NEW YORK -- Alex Rodriguez winced as he paced near third base, staring into his glove with an expression of disbelief, as though he might suddenly find a huge hole about the size of a baseball.
In a week filled with team lowlights, an easy ground ball shooting between Rodriguez's legs was the capper. The Yankees wrapped up an awful homestand with a 7-5 loss to the Red Sox, their season-high fifth straight.
"Not good," Rodriguez said. "We can talk about it over and over again; the bottom line is, we've got to play better. We've got to play winning baseball."
Rodriguez evoked memories of Bill Buckner's iconic miscue in the 1986 World Series with his misplay of a Kevin Youkilis grounder that gave the Red Sox an all-important seventh-inning insurance run.
"It seems like when things are going bad, they're going bad," Yankees manager Joe Girardi said. "It's going to turn around."
Boston rolled to a three-game sweep of the Bombers, powered by David Ortiz's fifth-inning broken-bat homer off Freddy Garcia, a low line drive that just cleared the right-field wall.
Yankee Stadium has been good to the home team since opening its doors in 2009, but Garcia wasn't writing a love letter tonight. It was the first time the Yankees were swept at home in a series of at least three games.
"This ballpark, that's the way it plays," Garcia said. "Nothing you can do about it -- 314 [feet]. What can you do?"
The Yankees were doing plenty of shrugging, especially during a weekend that saw Jorge Posada revive memories of the George Steinbrenner era, removing himself from Saturday's lineup and engaging management in a dispute.
Posada apologized to Girardi and general manager Brian Cashman before Sunday's game, and the Yankees -- taking cues from Hal and Hank Steinbrenner -- announced they would consider the matter closed.
The right-field Bleacher Creatures included Posada in their roll call, even though he was not in the lineup, and there was a standing ovation when Posada pinch-hit in the eighth inning against Daniel Bard.
Posada worked a full-count walk but would be stranded, and that wasn't uncommon on this lost weekend. Left-hander Jon Lester limited the Yankees to four runs and entrusted his bullpen to hang onto the lead.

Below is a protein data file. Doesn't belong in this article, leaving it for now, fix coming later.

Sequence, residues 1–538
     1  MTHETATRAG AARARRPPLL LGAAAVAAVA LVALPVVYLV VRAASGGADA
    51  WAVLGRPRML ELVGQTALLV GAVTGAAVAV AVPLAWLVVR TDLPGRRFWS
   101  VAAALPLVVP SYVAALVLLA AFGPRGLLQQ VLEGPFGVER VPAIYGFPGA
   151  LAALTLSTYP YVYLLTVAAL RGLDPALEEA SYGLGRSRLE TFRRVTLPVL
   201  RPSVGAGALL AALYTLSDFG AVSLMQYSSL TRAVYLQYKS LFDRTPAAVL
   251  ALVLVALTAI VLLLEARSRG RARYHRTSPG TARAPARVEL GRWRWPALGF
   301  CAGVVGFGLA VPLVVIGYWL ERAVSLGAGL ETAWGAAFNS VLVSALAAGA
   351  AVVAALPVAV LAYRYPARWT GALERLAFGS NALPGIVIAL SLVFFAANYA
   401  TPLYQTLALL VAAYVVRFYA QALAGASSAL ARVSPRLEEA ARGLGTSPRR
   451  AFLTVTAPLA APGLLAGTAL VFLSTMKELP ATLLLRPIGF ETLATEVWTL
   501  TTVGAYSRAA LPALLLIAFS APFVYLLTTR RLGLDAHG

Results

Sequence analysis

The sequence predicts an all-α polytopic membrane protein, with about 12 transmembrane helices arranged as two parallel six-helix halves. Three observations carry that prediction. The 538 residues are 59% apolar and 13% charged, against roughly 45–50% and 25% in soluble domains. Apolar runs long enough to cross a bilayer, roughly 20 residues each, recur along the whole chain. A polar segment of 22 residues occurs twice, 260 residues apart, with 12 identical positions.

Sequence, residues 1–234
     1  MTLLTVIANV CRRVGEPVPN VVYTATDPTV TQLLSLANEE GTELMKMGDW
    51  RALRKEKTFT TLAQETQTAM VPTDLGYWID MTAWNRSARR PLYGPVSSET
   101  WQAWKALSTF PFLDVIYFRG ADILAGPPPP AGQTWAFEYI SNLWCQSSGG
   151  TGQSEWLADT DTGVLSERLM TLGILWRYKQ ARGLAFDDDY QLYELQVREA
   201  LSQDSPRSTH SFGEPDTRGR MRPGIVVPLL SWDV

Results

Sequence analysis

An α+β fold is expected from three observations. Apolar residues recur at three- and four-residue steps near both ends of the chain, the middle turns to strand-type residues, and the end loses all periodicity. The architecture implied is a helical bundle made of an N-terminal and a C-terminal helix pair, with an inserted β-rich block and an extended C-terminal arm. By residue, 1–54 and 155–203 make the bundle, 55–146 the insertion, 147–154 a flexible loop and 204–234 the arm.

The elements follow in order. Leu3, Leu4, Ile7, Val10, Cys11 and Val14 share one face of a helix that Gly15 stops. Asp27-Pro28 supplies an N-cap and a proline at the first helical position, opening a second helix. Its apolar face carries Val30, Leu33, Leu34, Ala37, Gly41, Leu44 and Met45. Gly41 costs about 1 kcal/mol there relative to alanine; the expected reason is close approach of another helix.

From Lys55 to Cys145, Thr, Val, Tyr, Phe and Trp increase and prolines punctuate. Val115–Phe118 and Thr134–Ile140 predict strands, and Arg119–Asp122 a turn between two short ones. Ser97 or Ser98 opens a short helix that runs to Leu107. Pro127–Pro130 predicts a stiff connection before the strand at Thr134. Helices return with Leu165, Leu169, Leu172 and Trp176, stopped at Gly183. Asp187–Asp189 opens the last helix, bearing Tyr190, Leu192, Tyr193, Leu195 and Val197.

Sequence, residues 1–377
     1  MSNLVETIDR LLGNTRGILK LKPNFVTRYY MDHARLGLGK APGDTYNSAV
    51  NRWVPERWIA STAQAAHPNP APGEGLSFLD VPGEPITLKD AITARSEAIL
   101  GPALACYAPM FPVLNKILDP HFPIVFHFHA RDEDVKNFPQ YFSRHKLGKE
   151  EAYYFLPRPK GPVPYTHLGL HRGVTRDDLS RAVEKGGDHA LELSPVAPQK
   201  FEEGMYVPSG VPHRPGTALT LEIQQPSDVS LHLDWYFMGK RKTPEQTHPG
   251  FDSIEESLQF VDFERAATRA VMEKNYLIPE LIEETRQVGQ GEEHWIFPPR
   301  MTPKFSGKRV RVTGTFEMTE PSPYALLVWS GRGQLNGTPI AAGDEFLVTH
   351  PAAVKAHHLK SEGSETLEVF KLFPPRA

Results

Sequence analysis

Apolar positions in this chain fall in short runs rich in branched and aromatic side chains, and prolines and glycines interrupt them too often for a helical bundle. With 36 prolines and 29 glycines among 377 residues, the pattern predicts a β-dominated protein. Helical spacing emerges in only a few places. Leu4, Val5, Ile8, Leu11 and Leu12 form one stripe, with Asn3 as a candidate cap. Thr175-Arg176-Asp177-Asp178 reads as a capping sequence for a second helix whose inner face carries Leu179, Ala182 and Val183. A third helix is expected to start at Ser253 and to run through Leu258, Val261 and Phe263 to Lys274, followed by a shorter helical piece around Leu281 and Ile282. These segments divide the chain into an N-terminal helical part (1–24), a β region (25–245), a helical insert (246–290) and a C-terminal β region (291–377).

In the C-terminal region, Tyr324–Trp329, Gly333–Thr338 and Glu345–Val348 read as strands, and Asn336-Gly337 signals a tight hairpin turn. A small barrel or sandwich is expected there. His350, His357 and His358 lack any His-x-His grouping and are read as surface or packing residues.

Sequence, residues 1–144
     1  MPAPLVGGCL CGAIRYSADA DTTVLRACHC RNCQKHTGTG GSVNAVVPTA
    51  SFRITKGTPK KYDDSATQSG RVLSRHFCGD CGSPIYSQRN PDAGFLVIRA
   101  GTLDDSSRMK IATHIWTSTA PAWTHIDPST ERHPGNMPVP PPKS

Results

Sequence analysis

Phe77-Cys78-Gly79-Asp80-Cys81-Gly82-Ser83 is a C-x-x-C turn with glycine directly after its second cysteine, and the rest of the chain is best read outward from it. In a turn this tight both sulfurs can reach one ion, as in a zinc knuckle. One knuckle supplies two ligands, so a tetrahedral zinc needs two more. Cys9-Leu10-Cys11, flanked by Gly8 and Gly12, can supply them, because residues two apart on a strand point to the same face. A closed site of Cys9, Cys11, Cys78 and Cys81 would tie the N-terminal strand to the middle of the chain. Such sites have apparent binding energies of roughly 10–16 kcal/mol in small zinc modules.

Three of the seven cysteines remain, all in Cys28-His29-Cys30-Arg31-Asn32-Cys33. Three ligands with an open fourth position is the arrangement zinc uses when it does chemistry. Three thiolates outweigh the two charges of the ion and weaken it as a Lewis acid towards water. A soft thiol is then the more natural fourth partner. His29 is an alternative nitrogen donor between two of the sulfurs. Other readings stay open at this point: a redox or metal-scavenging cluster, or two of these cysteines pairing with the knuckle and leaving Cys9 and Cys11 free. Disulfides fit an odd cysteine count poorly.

"That's what people expect us to do," Ortiz said of the sweep. "When you combine good hitting with good pitching, that's what you're supposed to get, right?"
One of the five runs charged to Garcia was of the unearned variety, as Youkilis reached on a second-inning Russell Martin passed ball and scored on a Jed Lowrie sacrifice fly.
"I think we're much better than what we've played defensively," Girardi said.
Youkilis tied the game in more traditional fashion in the third, connecting with a full-count offering for a three-run homer, his seventh.
"That inning, I'm really disappointed," said Garcia, who has lost three of four starts. "I gave up the lead. [It's] 4-1, and I can't hold them. ... This week has been bad for us."
Andruw Jones and Curtis Granderson homered to lead the attack against Lester, who scattered five hits in six innings.
Mark Teixeira lined a run-scoring single in the first inning and Jones led off the second by turning on an offering and powering it into the left-field seats.
With Martin aboard, Granderson slugged a two-run blast, his 13th.
It was also Granderson's sixth home run off a left-handed pitcher this season, pushing the center fielder past his previous career high of five homers off southpaws, set in 2008.
"Lester's one of the top pitchers in the game," Granderson said. "Any runs you can score against him is always a good thing. But it's definitely not over."
Lester settled in and kept the Yankees off the board for the next four innings, including ending the fourth by picking Brett Gardner off first base.
"Any time you don't play well against a rival or a team in your division, it's a missed opportunity," said Gardner, who was going first-move on Lester.
New York closed the gap to a run in the seventh off Alfredo Aceves, as Rodriguez ripped a double down the left-field line that was misplayed by Carl Crawford, allowing Granderson to score on the error.
But Bard came on and -- after intentionally walking Robinson Cano -- struck out Nick Swisher swinging, stranding the potential tying and go-ahead runs aboard.
"It's kind of been a situation where all of us have been going through [a slump] together," Swisher said. "I've just got to keep fighting, keep battling. When it does turn, it's going to get good. Really, really good."
Jarrod Saltalamacchia padded Boston's lead by taking Joba Chamberlain deep for a solo homer in the eighth, his first with the Red Sox.
A-Rod bounced out for the final out, ending a homestand that saw the Yankees notch just seven hits in 44 at-bats with runners in scoring position over their last five games.
"It seemed like Boston came in here and did exactly what we do to other teams -- keep at-bats alive, fouling off pitches, battling and getting big hits," Rodriguez said. "And we're not doing it."